Ernesto, a gastronomic entrepreneur in Cumaná, a coastal Venezuelan city facing the Caribbean Sea, initially thought that Venezuela’s new digital bolivar — English translation of “bolivar digital” — would be similar to a central bank digital currency.
He even started talking with friends in different crypto chat rooms about the announcement, until he understood that “digital” was just in the name.
“It’s a normal currency, fiat money. They are going to print a bill,” said Ernesto, who preferred to keep his last name anonymous.
The new bolivar appears to be yet another attempt by the government to combat hyperinflation. Last year, according to the local central bank, inflation reached 2,958%, and some would argue that it was even higher.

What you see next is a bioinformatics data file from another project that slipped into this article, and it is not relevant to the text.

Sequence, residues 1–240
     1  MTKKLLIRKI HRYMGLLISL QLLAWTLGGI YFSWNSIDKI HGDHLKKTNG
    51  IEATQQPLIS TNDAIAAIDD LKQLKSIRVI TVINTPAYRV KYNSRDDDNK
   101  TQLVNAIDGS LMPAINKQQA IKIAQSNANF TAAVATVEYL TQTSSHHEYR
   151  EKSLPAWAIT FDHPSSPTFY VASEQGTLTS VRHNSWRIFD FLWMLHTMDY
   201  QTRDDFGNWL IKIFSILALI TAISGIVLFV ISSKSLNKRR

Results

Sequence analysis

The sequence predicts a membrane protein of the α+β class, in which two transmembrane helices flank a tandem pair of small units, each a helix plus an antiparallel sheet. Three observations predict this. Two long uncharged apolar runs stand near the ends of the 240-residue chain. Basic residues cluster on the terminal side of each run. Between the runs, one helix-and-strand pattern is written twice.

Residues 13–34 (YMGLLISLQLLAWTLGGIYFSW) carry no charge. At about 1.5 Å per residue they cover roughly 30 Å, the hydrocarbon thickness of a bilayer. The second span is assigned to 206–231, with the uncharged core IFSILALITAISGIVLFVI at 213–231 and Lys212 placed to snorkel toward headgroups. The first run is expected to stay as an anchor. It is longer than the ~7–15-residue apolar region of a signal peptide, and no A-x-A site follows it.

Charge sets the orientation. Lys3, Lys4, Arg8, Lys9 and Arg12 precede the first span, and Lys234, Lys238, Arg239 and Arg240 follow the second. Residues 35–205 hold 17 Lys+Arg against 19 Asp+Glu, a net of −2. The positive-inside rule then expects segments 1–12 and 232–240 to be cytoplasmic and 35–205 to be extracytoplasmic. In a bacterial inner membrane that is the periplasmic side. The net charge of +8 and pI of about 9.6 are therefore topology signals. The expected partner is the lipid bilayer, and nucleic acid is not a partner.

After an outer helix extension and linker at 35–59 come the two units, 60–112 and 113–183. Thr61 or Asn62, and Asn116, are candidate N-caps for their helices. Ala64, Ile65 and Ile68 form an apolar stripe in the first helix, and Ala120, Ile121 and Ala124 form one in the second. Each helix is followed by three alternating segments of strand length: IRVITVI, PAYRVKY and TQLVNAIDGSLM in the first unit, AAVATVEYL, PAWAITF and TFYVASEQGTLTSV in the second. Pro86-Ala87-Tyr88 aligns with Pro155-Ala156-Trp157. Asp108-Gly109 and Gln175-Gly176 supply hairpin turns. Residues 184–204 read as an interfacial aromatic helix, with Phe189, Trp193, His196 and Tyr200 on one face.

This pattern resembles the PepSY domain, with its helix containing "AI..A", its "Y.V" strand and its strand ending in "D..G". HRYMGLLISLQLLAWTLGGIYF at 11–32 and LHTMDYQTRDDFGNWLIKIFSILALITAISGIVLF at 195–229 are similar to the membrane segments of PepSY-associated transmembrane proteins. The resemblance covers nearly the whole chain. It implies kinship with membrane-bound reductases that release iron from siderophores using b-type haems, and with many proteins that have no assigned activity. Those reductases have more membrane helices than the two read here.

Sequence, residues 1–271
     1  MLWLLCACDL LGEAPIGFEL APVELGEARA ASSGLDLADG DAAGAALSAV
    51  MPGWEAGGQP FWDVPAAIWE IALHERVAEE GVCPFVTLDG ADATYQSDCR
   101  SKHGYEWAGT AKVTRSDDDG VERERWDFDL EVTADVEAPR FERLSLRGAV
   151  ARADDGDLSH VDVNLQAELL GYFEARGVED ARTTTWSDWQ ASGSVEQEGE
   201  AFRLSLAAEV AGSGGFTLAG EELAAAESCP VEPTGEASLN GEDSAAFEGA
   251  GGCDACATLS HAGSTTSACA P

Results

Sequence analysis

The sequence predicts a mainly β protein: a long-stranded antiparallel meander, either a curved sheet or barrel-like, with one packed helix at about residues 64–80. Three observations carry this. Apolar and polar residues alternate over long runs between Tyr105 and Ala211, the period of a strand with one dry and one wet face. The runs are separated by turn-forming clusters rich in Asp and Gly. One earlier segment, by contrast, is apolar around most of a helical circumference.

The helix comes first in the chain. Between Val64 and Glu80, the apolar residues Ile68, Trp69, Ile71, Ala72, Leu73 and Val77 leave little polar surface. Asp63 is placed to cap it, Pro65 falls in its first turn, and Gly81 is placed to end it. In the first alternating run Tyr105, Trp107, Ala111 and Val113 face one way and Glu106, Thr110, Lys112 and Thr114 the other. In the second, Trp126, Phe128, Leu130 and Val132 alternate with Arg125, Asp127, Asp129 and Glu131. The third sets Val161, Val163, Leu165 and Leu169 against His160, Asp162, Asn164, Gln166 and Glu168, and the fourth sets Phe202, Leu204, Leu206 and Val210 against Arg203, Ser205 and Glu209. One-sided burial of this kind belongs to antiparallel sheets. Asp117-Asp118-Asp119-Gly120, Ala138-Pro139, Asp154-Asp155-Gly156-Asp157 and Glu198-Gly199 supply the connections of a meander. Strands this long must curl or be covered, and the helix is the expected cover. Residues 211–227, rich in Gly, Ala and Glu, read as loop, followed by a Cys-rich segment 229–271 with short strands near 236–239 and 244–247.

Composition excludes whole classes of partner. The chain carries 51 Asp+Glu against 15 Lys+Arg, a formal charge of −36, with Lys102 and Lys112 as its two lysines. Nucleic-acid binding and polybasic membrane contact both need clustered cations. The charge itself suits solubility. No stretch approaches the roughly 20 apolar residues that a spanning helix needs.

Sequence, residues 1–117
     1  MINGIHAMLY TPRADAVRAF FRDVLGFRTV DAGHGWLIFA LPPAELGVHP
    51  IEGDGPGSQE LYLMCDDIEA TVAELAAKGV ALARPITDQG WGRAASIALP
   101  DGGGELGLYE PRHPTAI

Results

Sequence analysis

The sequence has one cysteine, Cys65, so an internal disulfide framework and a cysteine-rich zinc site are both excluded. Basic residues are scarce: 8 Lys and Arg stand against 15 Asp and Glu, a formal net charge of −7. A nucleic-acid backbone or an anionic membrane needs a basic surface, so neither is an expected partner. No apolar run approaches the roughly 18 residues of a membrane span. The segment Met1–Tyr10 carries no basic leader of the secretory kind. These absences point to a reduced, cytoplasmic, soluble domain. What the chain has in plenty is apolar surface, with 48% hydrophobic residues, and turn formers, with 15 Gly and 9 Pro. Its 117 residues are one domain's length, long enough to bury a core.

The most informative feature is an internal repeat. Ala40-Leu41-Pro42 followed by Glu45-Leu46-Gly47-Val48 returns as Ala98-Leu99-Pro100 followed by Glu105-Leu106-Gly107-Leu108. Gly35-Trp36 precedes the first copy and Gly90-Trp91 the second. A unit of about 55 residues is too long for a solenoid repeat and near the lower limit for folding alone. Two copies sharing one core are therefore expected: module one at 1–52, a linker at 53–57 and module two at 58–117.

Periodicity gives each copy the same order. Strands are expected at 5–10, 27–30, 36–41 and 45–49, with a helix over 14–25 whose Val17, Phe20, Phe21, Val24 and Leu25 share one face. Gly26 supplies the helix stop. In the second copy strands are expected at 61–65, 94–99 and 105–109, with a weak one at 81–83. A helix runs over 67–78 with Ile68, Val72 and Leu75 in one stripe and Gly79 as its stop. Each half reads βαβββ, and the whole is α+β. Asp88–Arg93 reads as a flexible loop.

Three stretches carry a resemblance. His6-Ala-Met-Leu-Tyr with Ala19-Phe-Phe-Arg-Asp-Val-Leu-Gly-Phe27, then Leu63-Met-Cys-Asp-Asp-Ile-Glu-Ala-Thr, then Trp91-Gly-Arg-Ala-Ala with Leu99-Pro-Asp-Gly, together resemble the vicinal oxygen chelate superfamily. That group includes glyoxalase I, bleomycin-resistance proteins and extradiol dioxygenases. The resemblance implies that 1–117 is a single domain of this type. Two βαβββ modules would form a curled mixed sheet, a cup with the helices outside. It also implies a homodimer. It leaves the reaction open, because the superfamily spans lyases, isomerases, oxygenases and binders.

Now, the digital bolivar consists of a new series of five banknotes and a government-issued coin that replaces the previous currency, the bolivar soberano, which was also known as the sovereign bolivar — English translation of “bolivar soberano” — from which six zeros have been removed. In other words, one digital bolivar is worth the same as 1 million sovereign bolivars.
There are no digital components that make the bolívar digital different from the sovereign bolivars, which could also be transacted electronically, Miguel López, a financial and accounting consulting partner at EY Venezuela, said.
The digital bolivar represents the third removal of zeros from the Venezuelan currency since 2008, when then-President Hugo Chavez removed three zeros from the original bolivar and created the strong bolivar (English translation of “bolivar fuerte”).
In 2018, beset by hyperinflation, Nicolás Maduro, the current president, removed five zeros from the bolivar fuerte and created the sovereign bolivar, which was removed from circulation last week.